Seemingly caught in the illusion that they're two competent criminals, preparing to commit a crime while listening to pop music as though they were in their own Martin Scorsese movie. Of course, real life isn't a movie, and things go very wrong. When things they do go wrong, Stant revisits the song before his arrest, holding onto the last grasp of that fantasy. Between this and American Crime Story, if you were a criminal in the '90s you probably listened to "Gloria."
(In real life Stant and Smith were each sentenced to 18 months in prison, according to the New York Times, for conspiracy to commit second-degree assault.)
If you enjoy the song "Gloria" but wish it had more musical theater-style vocal harmonies, then Glee has got you covered with Season 5 episode "Trio" (written by: Rivka Sophia Rossi). While some say disco died in the '80s, it's clearly alive and well at the Spotlight Diner as the entire restaurant comes to a halt when Rachel, Santana, and Elliot begin performing the iconic track. And, yes, that's Adam Lambert.
6. South Park
No good montage is worth its weight if it isn't set to an '80s jam, which may be why the boys of South Park (Writer: Nancy Pimental, 62 episodes) listen to the '80s Pandora station while searching for their lost teacher Mr. Garrison in the episode "Splatty Tomato." While the boys may take issue with songs like "Pac-Man Fever" and "The Super Bowl Shuffle," everyone shuts up when "Gloria" plays. No one has anything bad to say about "Gloria," and so they say nothing at all.
Having a car cassette player constantly stuck on one song can be a horrible curse — but when that song is "Gloria," there really isn't much of a problem. However, Agent Cabe Gallo of Scorpion (director: Christine Moore, 7 episodes) seems to disagree as it's his car in which the cassette is stuck. While the owner of the car may not enjoy hearing the song repeating endlessly, it's surely a blessing to anyone who they may drive past and catch a brief taste of Branigan's voice and remember "Oh, yeah, 'Gloria' is a good song!"
8. Family Guy
When it comes to classic '80s hits, the question isn't so much, "Has Family Guy used that song?" as it is, "How did Family Guy use that song?" Seth MacFarlane's long-running animated comedy has touched upon nearly every piece of pop culture under the sun, and, in doing so, implants Laura Branigan's "Gloria" into the software of a robot baby. Specifically, the song plays whenever someone has been "Lyle'd," which is to say they've been insulted by the robot baby. It's enough to make one wish the song would play anytime someone lands a particularly sick burn.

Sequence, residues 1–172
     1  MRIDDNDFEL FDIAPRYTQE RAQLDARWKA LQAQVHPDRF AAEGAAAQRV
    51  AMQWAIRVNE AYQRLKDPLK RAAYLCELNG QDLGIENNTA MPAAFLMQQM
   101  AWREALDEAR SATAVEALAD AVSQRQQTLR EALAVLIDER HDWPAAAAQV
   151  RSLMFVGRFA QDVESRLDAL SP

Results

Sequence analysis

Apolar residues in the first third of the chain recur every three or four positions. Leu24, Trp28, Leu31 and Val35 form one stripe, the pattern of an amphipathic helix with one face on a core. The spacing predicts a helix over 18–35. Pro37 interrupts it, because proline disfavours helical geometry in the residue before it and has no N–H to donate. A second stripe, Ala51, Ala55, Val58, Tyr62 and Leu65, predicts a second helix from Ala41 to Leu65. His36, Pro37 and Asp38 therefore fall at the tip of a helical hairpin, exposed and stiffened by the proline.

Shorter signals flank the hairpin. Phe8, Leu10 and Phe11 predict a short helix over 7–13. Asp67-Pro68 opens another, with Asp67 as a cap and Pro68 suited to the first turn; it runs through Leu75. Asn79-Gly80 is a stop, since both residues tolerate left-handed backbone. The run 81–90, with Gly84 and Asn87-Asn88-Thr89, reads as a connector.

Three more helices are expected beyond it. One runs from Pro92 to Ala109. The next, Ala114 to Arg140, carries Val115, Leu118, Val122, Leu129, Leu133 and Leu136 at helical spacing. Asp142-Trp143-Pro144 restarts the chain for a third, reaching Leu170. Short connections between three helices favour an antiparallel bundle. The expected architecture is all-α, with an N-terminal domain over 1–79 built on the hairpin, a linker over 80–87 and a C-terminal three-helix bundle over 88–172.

9. Metal Gear Solid V: The Phantom Pain
Metal Gear Solid V: The Phantom Pain allows players to be the star of their own action movie, taking the role of special operations soldier Solid Snake. The series is known for mixing serious political and philosophical topics with absurd moments, and in The Phantom Pain allows players to control the tone of the entire game by collecting their own soundtrack. Cassettes of '80s hits are hidden throughout the game, including Spandau Ballet's "True" and a-ha's "Take On Me" among others. One could play the entire game just listening to "Gloria" on loop, which may be the greatest power-up in video game history.
While many television shows and films have used the song "Gloria," only one ever featured Laura Branigan performing the song herself. Shortly after the song's initial release, Branigan appeared on CHiPs (casting: Kathy Henderson), apparently playing a character that was covering Branigan's song. Playing the role of Sarah, the frontwoman of a sadly fictional band called the Cadillac Foxes, Branigan delivers a live performance for a modest, but enthusiastic, Los Angeles crowd.
Although Branigan passed away at the age of 47 in 2004, her legacy lives on in her self-proclaimed "signature song." With a storied history of soundtrack choices and prominent musical spots in two of 2018's biggest true crime stories, expect more film and television projects to continue keeping this endlessly listenable track alive.